Of course, Colombia’s relationship with the United States continues to be critical, and in October 2011 the U.S. Congress finally ratified the bilateral free trade agreement that had languished on Capitol Hill since 2006. Yet surprisingly muted fanfare greeted news of the belated ratification in Bogotá. In a sense, Colombian foreign policy had already moved on. While the FTA was on hold in Washington, Colombia signed similar trade pacts with Canada, Chile, the European Free Trade Association, and the European Union. During President Santos’ tour of Asia in September, South Korea upgraded its relationship with Colombia to one of “strategic cooperation.” Meanwhile, exports to China have increased by 85 percent since 2006. Thus, even as the United States remains Colombia’s leading trade and diplomatic partner, and even as U.S. security and development assistance continues to flow, few Colombians see the long-sought FTA as the country’s golden ticket to success. It is but one piece of an increasingly multipronged global strategy.
In general, Santos has been much less willing than Uribe to jeopardize relations with neighbors to shore up ties with the United States. In 2009, Uribe’s decision to allow the U.S. military expanded access to Colombian bases plunged his government’s relationship with almost all Latin American countries into crisis. By contrast, in August 2010, when Colombia’s Constitutional Court declared that agreement unconstitutional without congressional approval, Santos opted not to send it to Congress.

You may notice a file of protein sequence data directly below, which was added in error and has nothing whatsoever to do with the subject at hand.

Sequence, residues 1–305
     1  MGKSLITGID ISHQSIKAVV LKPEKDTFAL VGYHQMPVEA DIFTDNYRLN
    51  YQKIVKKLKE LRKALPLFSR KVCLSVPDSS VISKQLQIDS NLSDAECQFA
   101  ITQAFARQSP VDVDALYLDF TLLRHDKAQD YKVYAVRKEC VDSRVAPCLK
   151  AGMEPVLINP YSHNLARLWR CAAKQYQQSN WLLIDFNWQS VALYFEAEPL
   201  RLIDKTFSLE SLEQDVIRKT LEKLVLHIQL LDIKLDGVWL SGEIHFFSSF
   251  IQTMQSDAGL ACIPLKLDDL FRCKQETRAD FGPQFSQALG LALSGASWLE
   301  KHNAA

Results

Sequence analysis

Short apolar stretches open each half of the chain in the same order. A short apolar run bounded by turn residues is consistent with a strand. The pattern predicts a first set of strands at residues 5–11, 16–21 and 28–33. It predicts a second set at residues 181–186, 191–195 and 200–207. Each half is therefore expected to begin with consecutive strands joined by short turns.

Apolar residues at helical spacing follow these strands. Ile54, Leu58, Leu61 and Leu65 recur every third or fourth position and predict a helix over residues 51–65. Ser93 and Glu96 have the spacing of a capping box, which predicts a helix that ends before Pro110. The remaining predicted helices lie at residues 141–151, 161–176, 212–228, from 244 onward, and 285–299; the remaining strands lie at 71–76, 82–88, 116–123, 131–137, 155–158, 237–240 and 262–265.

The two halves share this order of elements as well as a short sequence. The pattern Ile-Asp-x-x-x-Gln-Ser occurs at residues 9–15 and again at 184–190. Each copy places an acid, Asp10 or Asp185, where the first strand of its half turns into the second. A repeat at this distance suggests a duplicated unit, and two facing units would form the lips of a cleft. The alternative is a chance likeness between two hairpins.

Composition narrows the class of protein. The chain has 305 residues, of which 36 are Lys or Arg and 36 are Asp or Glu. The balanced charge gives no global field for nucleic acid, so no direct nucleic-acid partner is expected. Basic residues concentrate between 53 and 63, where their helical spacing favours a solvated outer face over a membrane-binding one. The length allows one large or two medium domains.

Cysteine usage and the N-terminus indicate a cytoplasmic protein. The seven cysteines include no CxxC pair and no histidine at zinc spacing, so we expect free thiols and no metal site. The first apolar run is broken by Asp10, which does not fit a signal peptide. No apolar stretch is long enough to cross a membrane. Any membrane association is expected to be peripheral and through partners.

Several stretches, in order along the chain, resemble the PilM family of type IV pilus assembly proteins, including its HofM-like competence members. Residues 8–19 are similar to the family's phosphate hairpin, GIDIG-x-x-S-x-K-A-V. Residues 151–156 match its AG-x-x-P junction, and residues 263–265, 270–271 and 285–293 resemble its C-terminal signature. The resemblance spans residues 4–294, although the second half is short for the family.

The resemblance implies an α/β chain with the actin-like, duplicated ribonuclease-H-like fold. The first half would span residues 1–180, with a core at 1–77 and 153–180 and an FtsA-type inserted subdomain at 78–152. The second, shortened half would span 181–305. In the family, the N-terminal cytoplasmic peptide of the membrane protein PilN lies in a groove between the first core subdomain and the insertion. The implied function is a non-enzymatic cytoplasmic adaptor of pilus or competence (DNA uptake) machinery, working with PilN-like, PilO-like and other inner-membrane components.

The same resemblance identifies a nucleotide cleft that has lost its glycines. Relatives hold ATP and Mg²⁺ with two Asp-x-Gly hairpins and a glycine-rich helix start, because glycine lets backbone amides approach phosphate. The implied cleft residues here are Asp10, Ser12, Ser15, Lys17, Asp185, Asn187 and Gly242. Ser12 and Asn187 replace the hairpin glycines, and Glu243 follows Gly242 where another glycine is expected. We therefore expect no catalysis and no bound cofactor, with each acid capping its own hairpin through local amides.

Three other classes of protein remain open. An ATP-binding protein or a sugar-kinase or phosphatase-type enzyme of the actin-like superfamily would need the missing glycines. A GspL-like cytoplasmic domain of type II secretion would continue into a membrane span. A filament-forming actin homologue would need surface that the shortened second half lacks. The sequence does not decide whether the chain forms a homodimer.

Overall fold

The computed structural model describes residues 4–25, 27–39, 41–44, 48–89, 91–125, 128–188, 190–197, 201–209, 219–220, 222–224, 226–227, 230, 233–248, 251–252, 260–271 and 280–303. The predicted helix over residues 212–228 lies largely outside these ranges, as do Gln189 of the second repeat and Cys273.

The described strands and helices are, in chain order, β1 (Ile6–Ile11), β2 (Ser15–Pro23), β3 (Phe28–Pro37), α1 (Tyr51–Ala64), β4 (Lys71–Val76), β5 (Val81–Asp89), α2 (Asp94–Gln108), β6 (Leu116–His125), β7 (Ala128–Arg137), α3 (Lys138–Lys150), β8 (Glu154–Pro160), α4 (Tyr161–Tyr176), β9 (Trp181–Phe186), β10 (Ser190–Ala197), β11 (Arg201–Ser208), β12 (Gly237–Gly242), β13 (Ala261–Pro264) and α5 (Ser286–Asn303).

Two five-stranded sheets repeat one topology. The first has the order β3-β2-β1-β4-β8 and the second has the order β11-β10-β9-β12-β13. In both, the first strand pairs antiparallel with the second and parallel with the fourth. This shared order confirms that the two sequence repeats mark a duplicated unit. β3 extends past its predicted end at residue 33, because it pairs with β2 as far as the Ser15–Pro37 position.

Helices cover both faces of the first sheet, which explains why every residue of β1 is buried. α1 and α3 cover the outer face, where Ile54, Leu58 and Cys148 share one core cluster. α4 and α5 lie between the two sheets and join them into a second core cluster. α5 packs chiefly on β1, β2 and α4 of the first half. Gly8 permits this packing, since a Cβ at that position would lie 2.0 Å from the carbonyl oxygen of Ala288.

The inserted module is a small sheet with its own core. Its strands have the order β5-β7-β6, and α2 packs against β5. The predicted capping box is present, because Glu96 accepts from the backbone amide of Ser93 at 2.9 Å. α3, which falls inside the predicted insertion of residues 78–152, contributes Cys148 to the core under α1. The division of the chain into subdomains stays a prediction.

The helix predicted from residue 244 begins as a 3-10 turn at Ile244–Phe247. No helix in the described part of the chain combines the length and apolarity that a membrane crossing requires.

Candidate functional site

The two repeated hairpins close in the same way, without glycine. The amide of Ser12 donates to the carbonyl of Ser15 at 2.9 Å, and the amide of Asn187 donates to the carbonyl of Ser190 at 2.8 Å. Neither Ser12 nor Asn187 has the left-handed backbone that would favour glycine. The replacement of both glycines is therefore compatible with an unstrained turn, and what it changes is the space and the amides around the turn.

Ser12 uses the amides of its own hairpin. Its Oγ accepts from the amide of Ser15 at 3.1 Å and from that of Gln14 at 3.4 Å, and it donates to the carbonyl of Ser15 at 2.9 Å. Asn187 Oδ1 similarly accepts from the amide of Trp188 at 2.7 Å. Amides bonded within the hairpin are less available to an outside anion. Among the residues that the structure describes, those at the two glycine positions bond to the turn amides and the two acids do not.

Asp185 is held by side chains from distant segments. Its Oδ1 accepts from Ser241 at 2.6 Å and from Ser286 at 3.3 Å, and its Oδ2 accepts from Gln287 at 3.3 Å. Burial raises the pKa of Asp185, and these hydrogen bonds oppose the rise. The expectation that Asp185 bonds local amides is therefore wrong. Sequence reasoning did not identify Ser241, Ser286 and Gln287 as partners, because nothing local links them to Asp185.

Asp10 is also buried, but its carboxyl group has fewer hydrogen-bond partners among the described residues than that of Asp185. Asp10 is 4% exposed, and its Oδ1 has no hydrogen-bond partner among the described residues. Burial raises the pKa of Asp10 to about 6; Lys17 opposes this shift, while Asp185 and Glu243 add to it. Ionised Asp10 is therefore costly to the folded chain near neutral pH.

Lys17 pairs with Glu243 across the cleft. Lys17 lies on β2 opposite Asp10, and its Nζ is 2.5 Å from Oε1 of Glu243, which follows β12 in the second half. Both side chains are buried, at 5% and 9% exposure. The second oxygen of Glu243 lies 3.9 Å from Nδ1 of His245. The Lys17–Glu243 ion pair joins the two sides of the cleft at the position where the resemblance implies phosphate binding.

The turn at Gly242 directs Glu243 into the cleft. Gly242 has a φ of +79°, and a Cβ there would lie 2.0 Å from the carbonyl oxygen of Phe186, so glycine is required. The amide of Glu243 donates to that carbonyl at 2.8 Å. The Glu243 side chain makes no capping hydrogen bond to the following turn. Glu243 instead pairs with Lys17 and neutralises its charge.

Santos’ effort to broker a solution with regard to Cuba’s participation in the Summit of the Americas represents just the latest evidence of Colombia’s renewed assertiveness on the global stage. On the domestic front, too, Santos has emerged (somewhat surprisingly, given his pedigree in the Uribe government) as a reformist leader from the political center, pursuing bold legislation dealing with fiscal responsibility, corruption, and perhaps most significantly, comprehensive land and financial restitution for victims of Colombia’s devastating armed conflict. (For more on these programs, as well as some of potential complications or risks attendant to implementation, see our article in Current History).
Regardless of whether today’s lightning visit to Havana resolves the current controversy over the upcoming Cartagena summit, Colombia appears to be coming into its own, at home and abroad. Faced with legacies of profound violence, corruption, massive forced displacement, and extreme inequality (at 0.58, Colombia’s Gini coefficient is one of the highest in the world), not to mention continuing conflict with the FARC and newer criminal gangs, clearly much progress remains to be made. Yet a year and a half into his presidency, Juan Manuel Santos has taken a number of important first steps to remedy widespread injustice at home and to pursue a more independent foreign policy in line with national interests.